This past weekend, we all woke up to horrific news of the surprise attack on Israel by Hamas from the Gaza Strip. Though there are far reaching geopolitical considerations for political punditry and military strategist pontification, our focus is on possible investment ramifications.
Recall our saying, “uncertainty is the kryptonite of the financial markets.” Few things are as uncertain or destructive as armed conflicts or wars. To many, it may seem odd that the financial markets produced positive returns during the initial trading day after the attack. Shouldn’t military conflict, which clearly qualifies as uncertainty, have had a negative effect on the investment markets? In short, yes and no.
Unfortunately, the Middle East is prone to conflict conditioning investors to military friction. Every few years, the Middle East has some sort of incursion, invasion, or attack. These center around religious sectarianism, regional control, and land grabs. The regularity of such events no longer takes investors by surprise. Following a call for calm, financial markets look beyond the initiate attack and retaliation towards a short-term resolution and return to business as usual.
The Hamas-Israel conflict has so far been isolated to regional combatants and humanitarian tragedy. The affected provincial area has limited economic or business interests. Financial markets may change their tune should the conflict broaden to urban areas of Israel with wider business interests, effect globally necessary energy sources, or draw other regional or global powers into the conflict.
Financial markets can seem callus at times. At the end of the day, financial markets are preoccupied with cash flow and profits. Regional conflicts, flareups, or contained wars may have limited or no impact on international trade. By contrast, larger wars can alter transactional flow impacting the global economy. In the end, businesses are created to offer an appealing product or service and generate cash flow without weighing in on isolated skirmishes.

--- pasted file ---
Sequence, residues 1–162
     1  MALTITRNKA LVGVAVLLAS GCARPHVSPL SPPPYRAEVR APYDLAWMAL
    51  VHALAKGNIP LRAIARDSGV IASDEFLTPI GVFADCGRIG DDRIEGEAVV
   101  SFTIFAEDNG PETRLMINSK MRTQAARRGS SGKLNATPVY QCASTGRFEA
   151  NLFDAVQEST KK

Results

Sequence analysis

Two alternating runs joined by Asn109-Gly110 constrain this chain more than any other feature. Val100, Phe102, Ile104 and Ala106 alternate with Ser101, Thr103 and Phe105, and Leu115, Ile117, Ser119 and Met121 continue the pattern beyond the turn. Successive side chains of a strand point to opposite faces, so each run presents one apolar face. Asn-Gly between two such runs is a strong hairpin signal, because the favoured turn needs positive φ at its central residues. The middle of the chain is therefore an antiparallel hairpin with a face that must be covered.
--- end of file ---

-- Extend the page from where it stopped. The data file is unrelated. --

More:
U.S. Treasuries, in particular, are a proxy for the U.S. dollar which is the world’s de facto reserve currency and a safe haven asset. Naturally skittish bond investors favor the safety of Treasuries during periods of insecurity. Over the past few days, bond yields have come down as bond prices have increased. In the near-term, this has helped buoy bond returns hurt by a couple the Federal Reserve’s surprise rate hikes in 2023.
These comments are not to make light of the atrocities of this past weekend, but to give perspective to the seemingly detached financial markets. At this point, the financial markets are expecting this latest brawl to follow the historical blueprint and remain as a short-term contained event. We will continue to monitor this disturbing situation. Despite the Middle East clash, please do your best to enjoy your weekend cheering for your favored sports team.